Blue House dreamersAfter North Korea conducted an apparent missile engine test on its west coast and the United States called for a United Nations Security Council meeting, tension is rapidly rising on the Korean Peninsula again. Following the engine test, North Korea could launch an intercontinental ballistic missile (ICBM) or a rocket disguised as a satellite launch before Christmas. Uncle Sam may put more pressure on the recalcitrant state or threaten military options — a repeat of the ratcheted up tensions of 2017, which could have led to war. If the North’s belligerent behavior continues, all the efforts to denuclearize the country will be futile. It appears they merely gave Pyongyang more time to develop nuclear armaments and ICBMs.
The engine test North Korea conducted on Saturday at a missile test site at Tongchang-ri, North Pyongan Province, carries great significance. On March 18, 2017, North Korea test-fired an ICBM, just four days after an engine test at the very same site. On Sunday, a day after the latest test, the Academy of National Defense Science of North Korea defined it as a “very important test,” which is expected to reinforce North Korea’s nuclear and ICBM capabilities significantly.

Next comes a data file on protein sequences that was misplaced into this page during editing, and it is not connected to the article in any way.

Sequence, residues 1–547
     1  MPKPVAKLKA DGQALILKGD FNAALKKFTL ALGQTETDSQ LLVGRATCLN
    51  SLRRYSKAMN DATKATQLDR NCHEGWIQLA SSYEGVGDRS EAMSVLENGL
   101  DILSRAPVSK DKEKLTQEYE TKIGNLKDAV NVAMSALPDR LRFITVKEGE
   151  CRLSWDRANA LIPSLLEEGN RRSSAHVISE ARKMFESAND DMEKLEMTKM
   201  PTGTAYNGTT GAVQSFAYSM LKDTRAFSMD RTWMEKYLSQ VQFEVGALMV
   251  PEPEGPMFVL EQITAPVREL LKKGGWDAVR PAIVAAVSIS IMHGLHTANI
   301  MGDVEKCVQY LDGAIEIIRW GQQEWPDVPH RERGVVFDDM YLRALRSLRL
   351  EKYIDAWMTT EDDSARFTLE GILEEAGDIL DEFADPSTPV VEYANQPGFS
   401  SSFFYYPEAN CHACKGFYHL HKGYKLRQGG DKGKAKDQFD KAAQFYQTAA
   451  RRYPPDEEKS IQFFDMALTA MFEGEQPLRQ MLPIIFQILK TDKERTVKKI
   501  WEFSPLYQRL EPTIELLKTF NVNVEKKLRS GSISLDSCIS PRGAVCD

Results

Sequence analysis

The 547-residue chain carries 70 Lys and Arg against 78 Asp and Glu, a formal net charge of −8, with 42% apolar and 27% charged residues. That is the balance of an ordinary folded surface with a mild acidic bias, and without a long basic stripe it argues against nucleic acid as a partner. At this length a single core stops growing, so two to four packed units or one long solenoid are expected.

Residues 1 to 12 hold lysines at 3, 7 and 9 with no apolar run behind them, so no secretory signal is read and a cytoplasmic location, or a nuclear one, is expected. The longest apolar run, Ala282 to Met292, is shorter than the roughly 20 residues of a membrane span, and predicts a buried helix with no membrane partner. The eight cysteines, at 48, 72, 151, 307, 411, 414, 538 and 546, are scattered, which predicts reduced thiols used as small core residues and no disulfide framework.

The United States seems to have sensed tangible signs of provocation as North Korea’s rhetoric has been getting harsher and harsher. It has warned, “The year-end deadline is approaching. What Christmas present we choose totally depends on the U.S.” and “If America uses a military option, we will swiftly react with a quid pro quo” and “We have nothing to lose anymore.” In reaction, the United States has been flying special reconnaissance aircraft over the Korean Peninsula one after another. In today’s UN Security Council meeting requested by U.S. President Donald Trump, members will discuss the possibility of North Korea making another missile provocation, as well as the situation on the Korean Peninsula. Depending on the results of the meeting, North Korea could turn even more pugnacious.
And yet, our government barely reacts. Even as public anxiety deepens with U.S. spy planes flying over the peninsula, the National Security Office in the Blue House did not explain what’s really going on — except Defense Minister Jeong Kyeong-doo’s plea for an immediate halt to any actions that raise tensions in a defense ministerial meeting between South Korea and Australia on Tuesday. The government must wake up from its pipe dream about denuclearization. It must explain the situation to our anxious public and figure out how to proceed.
JoongAng Ilbo, Dec. 11, Page 34
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